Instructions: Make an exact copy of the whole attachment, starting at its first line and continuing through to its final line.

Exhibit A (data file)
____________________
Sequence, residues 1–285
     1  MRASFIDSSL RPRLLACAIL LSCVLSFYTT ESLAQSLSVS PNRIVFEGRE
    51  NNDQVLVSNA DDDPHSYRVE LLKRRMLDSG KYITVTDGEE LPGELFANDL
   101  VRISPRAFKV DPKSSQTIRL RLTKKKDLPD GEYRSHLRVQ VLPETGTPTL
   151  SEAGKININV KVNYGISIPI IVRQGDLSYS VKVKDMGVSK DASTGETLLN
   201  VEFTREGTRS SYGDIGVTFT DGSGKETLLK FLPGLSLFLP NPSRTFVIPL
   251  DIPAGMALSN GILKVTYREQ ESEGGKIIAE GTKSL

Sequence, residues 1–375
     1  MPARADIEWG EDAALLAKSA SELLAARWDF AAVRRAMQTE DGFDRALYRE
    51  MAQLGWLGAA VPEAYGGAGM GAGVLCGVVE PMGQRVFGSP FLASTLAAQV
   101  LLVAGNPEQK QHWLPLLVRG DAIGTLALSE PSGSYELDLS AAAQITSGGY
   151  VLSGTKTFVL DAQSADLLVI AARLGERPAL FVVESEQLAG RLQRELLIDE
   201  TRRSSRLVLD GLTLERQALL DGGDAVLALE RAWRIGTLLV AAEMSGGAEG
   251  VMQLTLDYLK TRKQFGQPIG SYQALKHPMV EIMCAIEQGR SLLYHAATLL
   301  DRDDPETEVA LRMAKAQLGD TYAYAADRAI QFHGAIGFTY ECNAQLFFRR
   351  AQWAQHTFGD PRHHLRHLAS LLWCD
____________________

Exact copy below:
Sequence, residues 1–285
     1  MRASFIDSSL RPRLLACAIL LSCVLSFYTT ESLAQSLSVS PNRIVFEGRE
    51  NNDQVLVSNA DDDPHSYRVE LLKRRMLDSG KYITVTDGEE LPGELFANDL
   101  VRISPRAFKV DPKSSQTIRL RLTKKKDLPD GEYRSHLRVQ VLPETGTPTL
   151  SEAGKININV KVNYGISIPI IVRQGDLSYS VKVKDMGVSK DASTGETLLN
   201  VEFTREGTRS SYGDIGVTFT DGSGKETLLK FLPGLSLFLP NPSRTFVIPL
   251  DIPAGMALSN GILKVTYREQ ESEGGKIIAE GTKSL

Sequence, residues 1–375
     1  MPARADIEWG EDAALLAKSA SELLAARWDF AAVRRAMQTE DGFDRALYRE
    51  MAQLGWLGAA VPEAYGGAGM GAGVLCGVVE PMGQRVFGSP FLASTLAAQV
   101  LLVAGNPEQK QHWLPLLVRG DAIGTLALSE PSGSYELDLS AAAQITSGGY
   151  VLSGTKTFVL DAQSADLLVI AARLGERPAL FVVESEQLAG RLQRELLIDE
   201  TRRSSRLVLD GLTLERQALL DGGDAVLALE RAWRIGTLLV AAEMSGGAEG
   251  VMQLTLDYLK TRKQFGQPIG SYQALKHPMV EIMCAIEQGR SLLYHAATLL
   301  DRDDPETEVA LRMAKAQLGD TYAYAADRAI QFHGAIGFTY ECNAQLFFRR
   351  AQWAQHTFGD PRHHLRHLAS LLWCD